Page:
Lawyers, being the notorious competitors they are, don't like to lose -- especially in highly visible courtroom trials.
So it is not unusual for a lot of second-guessing to take place when a public figure is acquitted of criminal charges after a lengthy investigation that has drawn intense media interest. Prosecutors who lose such cases have a genuine and legitimate interest in trying to ascertain what went wrong, for such purposes as analyzing the case in retrospect and evaluating whether to bring future, similar cases.
The unsuccesful prosecution of Smith Bagley, an heir to the Reynolds tobacco fortune who became intimately associated with the Carter administration as a friend and supporter, was clearly a case that called for such questions to be asked by the Justice Department.
He had been indicted on what was a novel, and many say unprecedented, theory of stock manipulation. A jury acquitted him at his trial last year without his having to call any witnesses on his behalf. Clearly, something went wrong.
The whining, sour grapes answer supplied by the prosecutors who handled the case shocked even some of their Justice Department superiors. It passed off in one phrase that some "minor factors" many have contributed to the acquittal. i
Then, however, it went on for eight more pages blaming the loss specifically on the conduct of U.S. District Judge Robert R. Merhige Jr., who had presided over the trial. It blatantly accused Merhige of an "anti-government bias," claimed his courtroom took on a "circus-like" atmosphere and said his conduct "ensured" an acquittal.
The tone of the letter was intemperate and colorful. That probably ensured what happened next: It was leaked to the press in its entirety.
As might be expected, the defense team and bar groups rushed to the defense of the judge and issued resounding statements in his support. Many thought the whole situation had quietly ended there.
However, the Justice Department's internal conduct-monitoring unit, the Office of Professional Responsibility, could not overlook the allegations that easily. Too many outsiders and respected members of the bar had now raised questions about the conduct of the two persons who signed the letter -- U.S. Attorney H.M. Michaux Jr., of North Carolina's middle district, and assistant U.S. attorney Patricia W. Lemley, who had tried the case -- and the FBI agent on the case, Zachary Lowe.
The department reportedly has finished its internal probe and has written a still-secret report raising a series of troubling questions about the government conduct in the case, sources said.
Persons who are familiar with the report say that it is probably one of the most serious reviews in recent years of allegedly questionable conduct by Justice Department attorneys and that it recommends disciplinary steps against the North Carolina prosecutors and the FBI agent.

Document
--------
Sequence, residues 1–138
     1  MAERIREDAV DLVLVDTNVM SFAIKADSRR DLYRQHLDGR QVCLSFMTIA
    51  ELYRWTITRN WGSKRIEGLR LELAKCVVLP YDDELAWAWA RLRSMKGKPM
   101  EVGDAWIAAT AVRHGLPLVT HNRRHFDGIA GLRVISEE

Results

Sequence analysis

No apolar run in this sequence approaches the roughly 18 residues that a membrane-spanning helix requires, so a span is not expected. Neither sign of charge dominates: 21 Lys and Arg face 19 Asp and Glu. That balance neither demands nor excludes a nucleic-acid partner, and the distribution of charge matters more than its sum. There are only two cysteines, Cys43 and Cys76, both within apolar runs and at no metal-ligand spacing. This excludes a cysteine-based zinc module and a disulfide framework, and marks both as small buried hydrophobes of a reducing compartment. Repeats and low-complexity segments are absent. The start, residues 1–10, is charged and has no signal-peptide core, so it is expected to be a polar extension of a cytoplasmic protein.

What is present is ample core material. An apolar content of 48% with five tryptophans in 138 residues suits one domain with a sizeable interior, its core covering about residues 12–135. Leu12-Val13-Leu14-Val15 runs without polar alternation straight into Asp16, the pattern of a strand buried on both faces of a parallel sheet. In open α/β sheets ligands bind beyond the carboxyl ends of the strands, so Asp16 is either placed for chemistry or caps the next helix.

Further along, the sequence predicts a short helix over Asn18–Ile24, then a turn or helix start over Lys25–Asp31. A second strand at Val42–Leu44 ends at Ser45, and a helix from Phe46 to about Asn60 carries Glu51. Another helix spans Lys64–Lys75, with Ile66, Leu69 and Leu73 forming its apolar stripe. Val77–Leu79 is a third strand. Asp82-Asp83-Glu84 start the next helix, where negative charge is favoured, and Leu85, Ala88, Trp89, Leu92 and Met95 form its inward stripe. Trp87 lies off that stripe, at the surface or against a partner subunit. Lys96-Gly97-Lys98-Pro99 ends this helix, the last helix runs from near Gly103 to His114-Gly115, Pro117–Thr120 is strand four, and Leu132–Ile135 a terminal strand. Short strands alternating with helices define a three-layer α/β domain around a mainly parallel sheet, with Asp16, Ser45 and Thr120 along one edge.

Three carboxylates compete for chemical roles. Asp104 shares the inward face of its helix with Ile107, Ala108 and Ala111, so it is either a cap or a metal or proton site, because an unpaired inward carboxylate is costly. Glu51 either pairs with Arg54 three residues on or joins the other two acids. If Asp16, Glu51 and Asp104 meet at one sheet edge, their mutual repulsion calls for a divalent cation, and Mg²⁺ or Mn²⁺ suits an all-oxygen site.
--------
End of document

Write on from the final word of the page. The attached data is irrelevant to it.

The Justice Department, meanwhile, has decline to comment on the matter.
Attorneys who get involved in civil cases that were once the subject of criminal grand jury probes got a helping hand from U.S. District Chief Judge William B. Bryant last week. Bryant said grand jury secrecy rules don't automatically apply in such cases and that materials originally subpoenaed for criminal investigation can be later turned over to attorney in civil cases under certain circumstances.
The ruling itself wasn't all that earth-shattering; it was an application of a U.S. Srpreme Court ruling on a similar issue in another case last year.
But the circumstances of this ruling had one interesting element: It involved a request for access to material subpoenaed by a Watergate grand jury for a probe of Nixon re-election campaign funding practices. The request was made by plaintiffs in a Missouri lawsuit who are seeking more than $200 million in damages from manufacturers of allegedly defective truck tire rims, who also allege the tire companies contributed money to the Nixon campaign to stop a federal safety probe of the rims in 1972.
In granting access to the material, Bryant commented on what he called a "misplaced" concern by the Justice Department that release of the material would deter future witnesses from trusting grand jury secrecy rules.
Bryant noted that many Watergate grand jury witnesses had already publicly let their Watergate activity "out of the bag" through books and other statements, and also reminded the department that former Watergate Special Prosecutor Leon Jaworski's own "literary endeavors" had discussed the exact material at issue in the lawsuit.
All in all, Bryant added, his ruling is "only an acknowledgement of the rather unique circumstances accompanying the Watergate affair."
The D.C. Bar passed a budget last week based on a dues rate of $75 per member. The current dues are frozen at $50 a member, and the higher figure cannot be charged without permission from the D.C. Court of Appeals, which is considering a request that the dues ceiling be lifted even higher -- to $150 a member -- for future increases.
The international trade and customs law committee of the Federal Bar Association is presenting a U.S-Canada Trade and Investment Conference on today and tomorrow at the Four Seasons Hotel here. The conference will focus on major trade and investment problems from the point of view of practitioners and government officials on both sides of the border.